Stocks subdued, U.S. yields fall with Fed on tap
NEW YORK (Reuters) – World stock markets were little changed on Monday and benchmark U.S. bond yields edged back from 13-month highs as investors looked to the U.S. central bank’s meeting later in the week after the U.S. government passed a massive coronavirus relief bill.
MSCI’s gauge of stocks across the globe gained 0.01%.
Wall Street’s main indexes were mixed in early trade after the benchmark S&P 500 set record highs last week, while European shares hit pre-pandemic levels, with travel shares gaining in both regions.
The Federal Reserve’s two-day policy meeting ending on Wednesday is in focus with rising bond yields and concerns over a pickup in inflation. Fed policymakers are expected this week to forecast that the U.S. economy will grow in 2021 at the fastest rate in decades.
“I think there is still a bias toward accelerating economic growth,” said David Joy, chief market strategist at Ameriprise Financial.
“Beyond that, it’s still pretty tentative,” Joy said. “It seems like it is going to be that way until we get to the Fed meeting on Wednesday and see what they have to say about the economy.”
On Wall Street, the Dow Jones Industrial Average fell 3.89 points, or 0.01%, to 32,774.75, the S&P 500 gained 0.09 points, or 0.00%, to 3,943.43 and the Nasdaq Composite added 51.27 points, or 0.38%, to 13,371.14.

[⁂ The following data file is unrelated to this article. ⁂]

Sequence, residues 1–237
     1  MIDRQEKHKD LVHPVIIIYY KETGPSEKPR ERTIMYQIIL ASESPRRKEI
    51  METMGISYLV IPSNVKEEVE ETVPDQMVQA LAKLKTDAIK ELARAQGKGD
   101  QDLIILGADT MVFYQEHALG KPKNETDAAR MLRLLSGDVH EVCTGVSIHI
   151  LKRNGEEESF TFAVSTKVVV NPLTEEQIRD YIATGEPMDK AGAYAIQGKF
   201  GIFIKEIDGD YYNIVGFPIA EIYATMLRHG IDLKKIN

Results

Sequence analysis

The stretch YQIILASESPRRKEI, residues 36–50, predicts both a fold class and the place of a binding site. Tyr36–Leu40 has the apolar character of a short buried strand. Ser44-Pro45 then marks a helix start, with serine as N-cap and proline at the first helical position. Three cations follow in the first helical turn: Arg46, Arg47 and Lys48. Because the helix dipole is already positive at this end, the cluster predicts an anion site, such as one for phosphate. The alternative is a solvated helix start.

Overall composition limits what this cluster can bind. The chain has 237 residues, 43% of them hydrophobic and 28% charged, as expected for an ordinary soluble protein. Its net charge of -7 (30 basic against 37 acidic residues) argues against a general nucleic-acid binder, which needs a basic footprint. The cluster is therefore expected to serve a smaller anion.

Airline shares rose as the companies pointed to concrete signs of an industry recovery as a slowing COVID-19 pandemic helps leisure bookings.
The pan-European STOXX 600 index rose 0.12%, touching its highest level since February 2020, led by travel stocks.
The $1.9 trillion stimulus bill President Joe Biden signed into law last week, expected improving economic data and the rollout of COVID-19 vaccinations supported gains, even as investors were attuned to the outlook for monetary policy.
Longer-term U.S. Treasury yields fell and the yield curve flattened as the market looked ahead to the Fed meeting and the latest government debt auctions.
Benchmark 10-year notes last rose 6/32 in price to yield 1.6161%, from 1.635% late on Friday.
Rising inflation expectations could prompt the Federal Open Market Committee to signal it will start raising rates sooner than expected.
“Following the fiscal stimulus packages it is inevitable that Fed GDP forecasts will be revised up, and some FOMC members might think rates will have to move higher sooner than they anticipated last December,” economists at ANZ said.
In currencies trading, the dollar index rose 0.153%, with the euro down 0.2% to $1.1931.
Oil prices slipped after Brent hit $70 a barrel as data showed an accelerating economic recovery in China, which was offset by fears of inflation.
U.S. crude recently fell 1.51% to $64.62 per barrel and Brent was at $68.24, down 1.42% on the day.
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